Civil society calls for fair framework for sharing of virus samples as well as vaccines
Civil society organisations backed the demand of developing countries at the WHA for the establishment of a fair and equitable virus-sharing framework. The following is the text of a statement endorsed by some civil society groups active on health matters and issued before the WHA met on 14 May.
WE the civil society organisations listed below call on member states of the World Health Assembly (WHA) as well as the WHO Secretariat to establish a fair and transparent mechanism and framework to govern the sharing of virus samples as well as the equitable distribution of vaccines and medical products relating to the avian influenza.
Indonesia, a country severely affected by avian influenza thus far causing about 81 deaths, was offered by [a] vaccine manufacturer vaccines at an unaffordable cost of US$20 per dose although the vaccine was produced using the Indonesian virus strain, and without the knowledge of the Indonesian authorities. We believe that this is an unfair situation which no country should be subjected to.
Developing countries simply cannot afford to pay high vaccine prices especially if entire or major parts of the populations have to be vaccinated. This highlights the inequities in [the] current global health system.
Availability of vaccines in a timely manner and in sufficient quantities is also a major problem. Developed countries having financial and other resources are already booking in advance treatments including vaccines for pre-pandemic and pandemic use. As supply capacity is less than demand, especially in the event of a pandemic, acute shortages are forseen.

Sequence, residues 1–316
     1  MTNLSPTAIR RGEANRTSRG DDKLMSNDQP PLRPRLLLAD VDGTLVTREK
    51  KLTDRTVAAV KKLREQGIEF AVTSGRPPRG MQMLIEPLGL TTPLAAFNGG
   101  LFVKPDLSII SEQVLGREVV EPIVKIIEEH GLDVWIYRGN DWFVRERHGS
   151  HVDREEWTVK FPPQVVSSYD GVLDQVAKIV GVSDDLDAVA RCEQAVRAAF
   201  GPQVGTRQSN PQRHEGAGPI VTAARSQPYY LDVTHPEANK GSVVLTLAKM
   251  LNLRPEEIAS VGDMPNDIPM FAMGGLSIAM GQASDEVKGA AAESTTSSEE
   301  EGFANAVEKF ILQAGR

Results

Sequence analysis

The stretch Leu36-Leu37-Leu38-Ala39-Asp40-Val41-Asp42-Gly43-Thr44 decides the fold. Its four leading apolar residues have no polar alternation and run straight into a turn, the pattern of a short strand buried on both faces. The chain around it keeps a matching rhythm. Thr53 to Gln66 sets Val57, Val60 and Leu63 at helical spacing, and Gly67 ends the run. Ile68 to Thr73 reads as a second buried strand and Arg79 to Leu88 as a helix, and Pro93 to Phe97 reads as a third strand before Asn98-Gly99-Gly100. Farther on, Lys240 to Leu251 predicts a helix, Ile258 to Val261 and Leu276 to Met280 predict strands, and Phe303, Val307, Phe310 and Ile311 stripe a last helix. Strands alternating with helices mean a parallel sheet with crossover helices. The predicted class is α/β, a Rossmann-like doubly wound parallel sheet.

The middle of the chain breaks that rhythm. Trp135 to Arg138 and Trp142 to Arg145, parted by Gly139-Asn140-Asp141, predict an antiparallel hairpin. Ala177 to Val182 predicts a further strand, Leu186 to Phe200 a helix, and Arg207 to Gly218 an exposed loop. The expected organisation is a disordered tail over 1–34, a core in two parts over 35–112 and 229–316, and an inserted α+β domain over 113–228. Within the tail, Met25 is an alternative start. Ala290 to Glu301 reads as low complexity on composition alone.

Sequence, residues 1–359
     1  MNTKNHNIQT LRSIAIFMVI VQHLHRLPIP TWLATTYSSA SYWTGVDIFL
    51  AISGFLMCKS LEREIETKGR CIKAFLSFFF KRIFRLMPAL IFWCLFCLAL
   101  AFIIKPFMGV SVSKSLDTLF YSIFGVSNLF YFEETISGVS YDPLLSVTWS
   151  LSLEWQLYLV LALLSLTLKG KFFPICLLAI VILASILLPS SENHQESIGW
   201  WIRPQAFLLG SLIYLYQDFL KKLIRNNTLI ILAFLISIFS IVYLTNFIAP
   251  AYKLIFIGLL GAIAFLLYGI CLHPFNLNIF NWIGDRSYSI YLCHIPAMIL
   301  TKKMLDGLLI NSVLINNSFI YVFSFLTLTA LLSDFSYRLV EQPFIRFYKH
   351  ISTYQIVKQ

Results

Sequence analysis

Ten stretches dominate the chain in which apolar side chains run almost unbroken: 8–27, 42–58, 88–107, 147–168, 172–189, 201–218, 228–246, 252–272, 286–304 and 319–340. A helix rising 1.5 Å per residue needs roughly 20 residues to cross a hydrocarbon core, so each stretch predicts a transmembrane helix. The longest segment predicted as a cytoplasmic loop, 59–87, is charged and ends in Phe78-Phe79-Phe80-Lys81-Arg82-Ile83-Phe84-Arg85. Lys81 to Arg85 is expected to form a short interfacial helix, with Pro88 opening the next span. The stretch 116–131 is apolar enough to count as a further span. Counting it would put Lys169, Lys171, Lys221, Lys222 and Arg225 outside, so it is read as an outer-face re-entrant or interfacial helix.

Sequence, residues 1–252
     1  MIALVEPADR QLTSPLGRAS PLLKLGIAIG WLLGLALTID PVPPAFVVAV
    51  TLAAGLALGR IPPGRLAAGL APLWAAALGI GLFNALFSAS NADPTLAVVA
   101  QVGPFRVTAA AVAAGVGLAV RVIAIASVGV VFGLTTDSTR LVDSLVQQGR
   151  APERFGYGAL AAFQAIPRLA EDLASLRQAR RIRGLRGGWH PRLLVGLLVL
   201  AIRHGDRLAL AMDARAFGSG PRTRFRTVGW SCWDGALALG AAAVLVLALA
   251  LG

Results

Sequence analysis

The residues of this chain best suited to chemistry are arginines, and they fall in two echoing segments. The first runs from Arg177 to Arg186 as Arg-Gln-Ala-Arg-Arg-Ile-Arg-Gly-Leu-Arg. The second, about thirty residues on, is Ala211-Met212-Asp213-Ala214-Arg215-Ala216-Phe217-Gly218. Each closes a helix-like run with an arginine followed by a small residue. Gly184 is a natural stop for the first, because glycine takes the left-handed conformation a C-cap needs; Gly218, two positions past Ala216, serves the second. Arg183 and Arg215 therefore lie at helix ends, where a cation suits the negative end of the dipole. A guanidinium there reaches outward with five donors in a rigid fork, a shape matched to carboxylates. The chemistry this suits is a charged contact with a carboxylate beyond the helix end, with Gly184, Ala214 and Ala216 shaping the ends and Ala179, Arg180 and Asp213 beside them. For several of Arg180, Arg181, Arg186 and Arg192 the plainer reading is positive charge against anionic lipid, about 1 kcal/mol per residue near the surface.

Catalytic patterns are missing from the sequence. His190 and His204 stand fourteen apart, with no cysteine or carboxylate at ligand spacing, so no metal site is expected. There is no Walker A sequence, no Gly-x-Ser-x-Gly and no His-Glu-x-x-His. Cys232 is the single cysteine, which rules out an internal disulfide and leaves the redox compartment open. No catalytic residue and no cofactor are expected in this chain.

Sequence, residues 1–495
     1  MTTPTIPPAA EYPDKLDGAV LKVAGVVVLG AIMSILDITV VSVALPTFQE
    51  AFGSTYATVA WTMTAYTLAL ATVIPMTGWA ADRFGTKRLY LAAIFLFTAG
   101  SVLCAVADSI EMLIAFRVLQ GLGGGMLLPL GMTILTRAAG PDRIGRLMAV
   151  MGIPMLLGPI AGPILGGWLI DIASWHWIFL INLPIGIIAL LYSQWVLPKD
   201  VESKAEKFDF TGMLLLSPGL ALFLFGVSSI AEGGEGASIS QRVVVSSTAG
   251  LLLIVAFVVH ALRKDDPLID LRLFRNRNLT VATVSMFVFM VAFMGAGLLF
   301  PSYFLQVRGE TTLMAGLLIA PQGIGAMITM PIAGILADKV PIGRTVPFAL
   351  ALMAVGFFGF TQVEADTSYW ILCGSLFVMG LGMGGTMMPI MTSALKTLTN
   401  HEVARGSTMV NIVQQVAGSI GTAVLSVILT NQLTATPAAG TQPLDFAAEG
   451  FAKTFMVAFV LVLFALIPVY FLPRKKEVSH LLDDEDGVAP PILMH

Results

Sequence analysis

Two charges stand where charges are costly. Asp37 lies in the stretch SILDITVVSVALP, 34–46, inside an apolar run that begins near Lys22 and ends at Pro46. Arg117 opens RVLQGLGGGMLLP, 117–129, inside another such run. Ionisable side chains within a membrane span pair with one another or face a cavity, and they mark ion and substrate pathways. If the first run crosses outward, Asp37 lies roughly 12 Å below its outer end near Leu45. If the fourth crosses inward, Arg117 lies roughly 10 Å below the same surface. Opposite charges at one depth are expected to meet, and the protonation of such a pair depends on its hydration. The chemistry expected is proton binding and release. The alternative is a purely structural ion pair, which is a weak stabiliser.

In the event of a global pandemic, and in the absence of a fair global framework, there is a fear that it will be 'each country for itself', with those countries that have stockpiled vaccines being reluctant or unwilling to share their stockpile of vaccines with other countries. Developing countries would likely face a situation of non-availability or acute shortage of badly-needed vaccines, including countries that have contributed their viruses.
Although developing countries voluntarily donate their viruses to the WHO collaborating centres and reference laboratories at present, these centres and laboratories have been passing on the virus or parts of it, or vaccine strains containing parts of the viruses, to companies, without the knowledge or permission of the countries. This is in violation of the WHO 2005 Guidance on sharing virus samples, which states that the viruses will not be distributed to parties outside the collaborating centres and laboratories without prior permission of the contributing countries.
Moreover, patents are already being sought by several companies and research institutes on products and materials containing parts of the viruses. The vaccine products are also to be patented. The resulting monopoly situation results in high profits for the companies holding patents, while health needs are sacrificed.
The current framework also disregards internationally recognised rights of affected developing countries. The Convention on Biological Diversity [CBD]explicitly recognises States' sovereign rights over their own biological resources, the right to grant access on agreed terms, the principle of prior informed consent and fair and equitable sharing of benefits arising from the commercialisation and other utilisation of the viruses.
Instead, the current framework favours the industry that already benefits from grants and subsidies by the developed governments for research and development of vaccines, and that will reap millions or billions of dollars from vaccine sales. It also favours the developed countries that have the financial resources to build up stockpiles of pre-pandemic vaccines and to purchase in advance pandemic vaccines.
The losers are the poorer countries that will not have vaccines and other necessary medical supplies in a timely manner in the event of a pandemic although they may have contributed their viruses leading to vaccine development and have rights under the CBD.
Our action proposals